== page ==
I participated on a panel about US-China relations on Press TV in New York City last week. One of the major themes was the recent "spat" between US and Chinese ships in the South China Sea, near Hainan island where China is reportedly building its first aircraft carrier. From a very insightful Time magazine article, "But despite the soothing words of the two top diplomats, it's a safe bet that more such incidents can be expected in the future. The Pentagon was quick to note that the mariners aboard the U.S.N.S. Impeccable (pictured here from the U.S. Navy website) were civilians working for the Military Sealift Command, while the Chinese side stressed that the confrontation involved local fishing boats. The reality is that the incident occurred because both sides are preparing for war — "shaping the battlefield," in military jargon — for a conflict that both hope will never happen." Indeed more of this sort of thing will happen.
Beyond the classic international relations 101 analysis that what we are seeing is tension between an established power, the United States, and a rising power, China, there are other issues at play. One is that there is disagreement over the interpretation of the UN Convention on the Law of the Sea; but that China and the United States are arguing about the law's interpretation--rather than whether the law should exist at all--is a good sign. It is further evidence that China wants to operate within the basic parameters of the international system.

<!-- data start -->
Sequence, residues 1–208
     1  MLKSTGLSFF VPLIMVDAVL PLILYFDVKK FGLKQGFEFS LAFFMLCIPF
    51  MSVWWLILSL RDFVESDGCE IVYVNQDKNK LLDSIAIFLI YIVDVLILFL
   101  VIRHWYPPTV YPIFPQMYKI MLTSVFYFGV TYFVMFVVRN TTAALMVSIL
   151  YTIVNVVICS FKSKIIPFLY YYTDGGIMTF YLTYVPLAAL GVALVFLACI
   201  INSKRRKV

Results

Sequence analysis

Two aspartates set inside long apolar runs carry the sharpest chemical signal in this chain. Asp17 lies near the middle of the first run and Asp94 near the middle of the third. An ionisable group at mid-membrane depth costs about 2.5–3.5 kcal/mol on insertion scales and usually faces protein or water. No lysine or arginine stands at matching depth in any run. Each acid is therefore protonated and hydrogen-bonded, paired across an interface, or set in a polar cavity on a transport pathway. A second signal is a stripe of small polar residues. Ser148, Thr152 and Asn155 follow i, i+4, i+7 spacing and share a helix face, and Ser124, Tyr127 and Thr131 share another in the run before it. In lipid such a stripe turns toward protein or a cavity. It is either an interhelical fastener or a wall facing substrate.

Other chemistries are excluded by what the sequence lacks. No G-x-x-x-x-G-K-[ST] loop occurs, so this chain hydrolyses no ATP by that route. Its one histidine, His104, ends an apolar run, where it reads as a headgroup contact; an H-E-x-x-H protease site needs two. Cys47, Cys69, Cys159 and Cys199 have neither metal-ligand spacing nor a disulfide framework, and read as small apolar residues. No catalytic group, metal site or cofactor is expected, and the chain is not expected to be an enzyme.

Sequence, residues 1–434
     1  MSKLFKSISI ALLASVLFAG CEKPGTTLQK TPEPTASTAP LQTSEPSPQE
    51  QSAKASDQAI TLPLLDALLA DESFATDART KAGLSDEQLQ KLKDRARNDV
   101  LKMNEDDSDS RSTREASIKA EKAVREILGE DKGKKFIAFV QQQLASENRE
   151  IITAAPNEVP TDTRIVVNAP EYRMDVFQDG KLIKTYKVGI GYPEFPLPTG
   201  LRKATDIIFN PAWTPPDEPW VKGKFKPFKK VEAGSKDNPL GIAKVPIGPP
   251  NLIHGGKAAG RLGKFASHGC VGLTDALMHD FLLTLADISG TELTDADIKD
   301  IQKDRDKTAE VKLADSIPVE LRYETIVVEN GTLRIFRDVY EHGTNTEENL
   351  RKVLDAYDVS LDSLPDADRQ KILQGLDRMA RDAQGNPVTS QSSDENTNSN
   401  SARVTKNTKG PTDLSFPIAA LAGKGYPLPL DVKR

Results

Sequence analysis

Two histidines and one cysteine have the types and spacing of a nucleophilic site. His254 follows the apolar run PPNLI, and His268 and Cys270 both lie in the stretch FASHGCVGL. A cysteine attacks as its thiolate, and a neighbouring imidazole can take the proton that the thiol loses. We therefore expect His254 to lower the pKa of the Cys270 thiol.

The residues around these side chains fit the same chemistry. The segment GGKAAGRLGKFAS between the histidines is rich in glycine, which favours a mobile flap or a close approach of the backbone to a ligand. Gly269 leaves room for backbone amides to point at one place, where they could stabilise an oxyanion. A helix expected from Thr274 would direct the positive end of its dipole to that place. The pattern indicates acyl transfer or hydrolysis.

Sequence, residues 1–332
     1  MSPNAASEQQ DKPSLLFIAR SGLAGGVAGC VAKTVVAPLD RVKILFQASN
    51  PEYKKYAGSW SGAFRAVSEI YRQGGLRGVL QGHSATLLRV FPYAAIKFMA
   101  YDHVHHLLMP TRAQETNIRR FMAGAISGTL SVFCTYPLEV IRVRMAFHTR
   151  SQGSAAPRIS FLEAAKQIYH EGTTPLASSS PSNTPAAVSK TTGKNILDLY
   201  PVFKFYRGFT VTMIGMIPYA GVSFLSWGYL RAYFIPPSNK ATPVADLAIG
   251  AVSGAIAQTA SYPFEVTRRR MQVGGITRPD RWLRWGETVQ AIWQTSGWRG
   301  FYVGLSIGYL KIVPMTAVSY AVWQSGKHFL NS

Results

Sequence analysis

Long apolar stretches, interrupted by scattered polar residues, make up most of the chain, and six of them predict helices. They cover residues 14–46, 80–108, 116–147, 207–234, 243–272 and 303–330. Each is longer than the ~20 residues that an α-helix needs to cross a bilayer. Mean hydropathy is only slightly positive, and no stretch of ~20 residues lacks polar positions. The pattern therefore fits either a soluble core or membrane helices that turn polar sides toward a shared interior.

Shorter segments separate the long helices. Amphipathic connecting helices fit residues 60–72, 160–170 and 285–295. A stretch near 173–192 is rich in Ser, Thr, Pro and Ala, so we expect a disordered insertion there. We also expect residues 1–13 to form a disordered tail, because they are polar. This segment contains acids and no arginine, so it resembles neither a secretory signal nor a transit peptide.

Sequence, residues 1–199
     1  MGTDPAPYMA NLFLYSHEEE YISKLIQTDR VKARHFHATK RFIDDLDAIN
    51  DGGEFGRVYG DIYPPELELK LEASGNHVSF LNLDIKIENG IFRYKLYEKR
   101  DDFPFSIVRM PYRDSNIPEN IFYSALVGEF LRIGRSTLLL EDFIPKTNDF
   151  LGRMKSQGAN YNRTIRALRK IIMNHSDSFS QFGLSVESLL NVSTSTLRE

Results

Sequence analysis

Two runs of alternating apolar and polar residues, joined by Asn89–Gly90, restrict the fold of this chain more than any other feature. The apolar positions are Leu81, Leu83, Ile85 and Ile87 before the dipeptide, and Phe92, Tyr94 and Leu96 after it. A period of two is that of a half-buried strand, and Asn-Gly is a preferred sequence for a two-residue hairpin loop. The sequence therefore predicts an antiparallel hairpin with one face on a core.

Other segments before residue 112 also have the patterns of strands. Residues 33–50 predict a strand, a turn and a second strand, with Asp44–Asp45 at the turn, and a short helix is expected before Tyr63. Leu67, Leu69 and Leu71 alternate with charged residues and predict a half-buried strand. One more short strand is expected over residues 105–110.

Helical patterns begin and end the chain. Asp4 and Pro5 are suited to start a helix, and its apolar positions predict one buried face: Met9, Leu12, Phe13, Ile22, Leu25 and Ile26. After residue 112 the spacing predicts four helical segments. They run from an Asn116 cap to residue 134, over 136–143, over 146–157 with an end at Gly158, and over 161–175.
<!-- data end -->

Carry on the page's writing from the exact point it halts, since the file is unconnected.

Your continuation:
But another is that as China increasingly relies on international trade for its prosperity, it will want a greater role in protecting its merchant fleet. Which gets me to the main point I made on Press TV: China may wish to have a greater say in the management of trade routes, but that will imply that it must also be willing to provide the global public good of safe sea lanes (as Robert Kaplan calls a "global commons" that benefits all nations). Unless China can provide public goods like these, its aggressiveness will be perceived as only that: aggressive.
Kaplan has written about this issue in a variety of places, including the recent issue of Foreign Affairs in his article "Rivalry in the Indian Ocean." From a Dec. 2008, Washington Post essay titled "A Gentler Hegemony: U.S. Hegemony May Be in Decline, but Only to a Degree," Kaplan writes here is "where we are now, post-Iraq: calmer, more pragmatic and with a military -- especially a Navy -- that, while in relative decline, is still far superior to any other on Earth. Near the end of the Cold War, the U.S. Navy had almost 600 ships; it is down to 280. But in aggregate tonnage that is still more than the next 17 navies combined. Our military secures the global commons to the benefit of all nations. Without the U.S. Navy, the seas would be unsafe for merchant shipping, which, in an era of globalization, accounts for 90 percent of world trade. We may not be able to control events on land in the Middle East, but our Navy and Air Force control all entry and exit points to the region. The multinational anti-piracy patrols that have taken shape in the Strait of Malacca and the Gulf of Aden have done so under the aegis of the U.S. Navy. Sure the economic crisis will affect shipbuilding, meaning the decline in the number of our ships will continue, and there will come a point where quantity affects quality. But this will be an exceedingly gradual transition, which we will assuage by leveraging naval allies such as India and Japan"--what Kaplan calls U.S. "elegant decline" in his Foreign Affairs article.